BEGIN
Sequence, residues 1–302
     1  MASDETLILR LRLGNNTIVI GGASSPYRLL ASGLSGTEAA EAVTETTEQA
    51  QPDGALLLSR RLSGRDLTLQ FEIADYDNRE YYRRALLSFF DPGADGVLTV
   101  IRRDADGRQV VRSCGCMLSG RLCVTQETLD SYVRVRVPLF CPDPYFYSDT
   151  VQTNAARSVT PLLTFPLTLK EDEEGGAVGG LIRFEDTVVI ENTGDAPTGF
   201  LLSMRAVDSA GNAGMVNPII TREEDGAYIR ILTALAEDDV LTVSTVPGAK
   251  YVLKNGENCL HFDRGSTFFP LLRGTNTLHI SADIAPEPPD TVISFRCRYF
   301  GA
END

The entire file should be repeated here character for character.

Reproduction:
Sequence, residues 1–302
     1  MASDETLILR LRLGNNTIVI GGASSPYRLL ASGLSGTEAA EAVTETTEQA
    51  QPDGALLLSR RLSGRDLTLQ FEIADYDNRE YYRRALLSFF DPGADGVLTV
   101  IRRDADGRQV VRSCGCMLSG RLCVTQETLD SYVRVRVPLF CPDPYFYSDT
   151  VQTNAARSVT PLLTFPLTLK EDEEGGAVGG LIRFEDTVVI ENTGDAPTGF
   201  LLSMRAVDSA GNAGMVNPII TREEDGAYIR ILTALAEDDV LTVSTVPGAK
   251  YVLKNGENCL HFDRGSTFFP LLRGTNTLHI SADIAPEPPD TVISFRCRYF
   301  GA